Mates of State have gone short and sweet-as-a-sugarcube with their latest and first release since 2011. You’re Going To Make It does what it says on the jar (/CD case) and delivers little spoonfuls of positivity in easily gulpable bursts. Playing up to what the duo see as a recent trend away from audio-consumption of full ‘long play’ albums, the thinking behind this five-song offering is a serving of hits and hits alone in digestible brevity, with all of that pesky album-length padding stripped away. Whether they‘ve rightly judged our audio predilections or simply didn’t have enough songs to make it to the full feature length (could anyone blame them with seven albums and a greatest hits already under their belts?) the new EP certainly spans the tried and tested MoS range.
Standouts for enthusiasm alone are the first track, ‘Staring Contest’, and ‘I Want To Run’. These find the romantically entangled musical duo doing what they do best in a nineties-noughties limbo of synth pop joy. Melodic harmonies leap and tumble around with the ease and spontaneity of gazelles at sunrise. There are flashes of brilliance, subtle complexities slice through the emboldened chorus. Jason and Kori’s voices haven’t aged a day since Team Boo times and still manage to entwine and mingle as beautifully as the first day they met (I would imagine).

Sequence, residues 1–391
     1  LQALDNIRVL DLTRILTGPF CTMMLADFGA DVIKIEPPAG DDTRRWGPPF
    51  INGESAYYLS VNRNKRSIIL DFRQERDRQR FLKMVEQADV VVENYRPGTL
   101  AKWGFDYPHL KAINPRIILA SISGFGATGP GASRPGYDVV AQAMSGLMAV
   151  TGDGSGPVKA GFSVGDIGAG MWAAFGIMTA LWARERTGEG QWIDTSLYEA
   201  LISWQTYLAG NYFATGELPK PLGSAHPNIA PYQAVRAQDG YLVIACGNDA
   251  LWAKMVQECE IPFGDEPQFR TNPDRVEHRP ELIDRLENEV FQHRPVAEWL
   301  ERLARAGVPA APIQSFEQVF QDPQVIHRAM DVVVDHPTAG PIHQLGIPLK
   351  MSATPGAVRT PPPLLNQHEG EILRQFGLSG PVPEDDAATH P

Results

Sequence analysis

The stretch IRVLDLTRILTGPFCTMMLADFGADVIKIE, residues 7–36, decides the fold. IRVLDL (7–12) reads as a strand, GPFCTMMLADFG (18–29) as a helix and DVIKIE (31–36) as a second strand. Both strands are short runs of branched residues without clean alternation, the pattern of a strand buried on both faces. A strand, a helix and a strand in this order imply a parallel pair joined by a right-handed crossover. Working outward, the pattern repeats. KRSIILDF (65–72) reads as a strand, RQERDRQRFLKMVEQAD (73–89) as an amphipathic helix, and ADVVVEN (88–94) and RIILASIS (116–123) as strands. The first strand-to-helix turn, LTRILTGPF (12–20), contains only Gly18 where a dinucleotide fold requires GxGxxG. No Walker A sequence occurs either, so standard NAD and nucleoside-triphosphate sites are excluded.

Where the EP falls down somewhat are on the more downbeat tunes. There are still sparks of excitement eclipsed by dark CocoRosie-esque quirks in structure and tone, but ‘Beautiful Kids’ in particular seems to drag and struggle with its own meaning. The lyrics don’t add much to a well-travelled commentary on changing social interaction since the rise of mobile technology and there’s just not enough going on to merit the last minute of the track.
That said, the slower songs can certainly be felt to add a rounded edge to what would otherwise be an unrelentingly pointy poptastic delivery. ‘Side of Boxes’ ends the EP on a high, full of poignancy and emotional charge, reminiscent of their most wonderful yester-decade songs ‘The Kissaway’ and ‘The Re-Arranger’. This song is sure-footed and spirits you along its secret pathways with lovely little nuanced melodies and sustained keyboard landscaping.
So perhaps Jason is right. Perhaps this little airy pocket of songminstrelling is just the right length for 2015. Long enough to find a skylight, a cheeky beer and get on with feeling optimistic that we’ll have a beautiful, sunny, carefree summer.
7Ruth Singleton's Score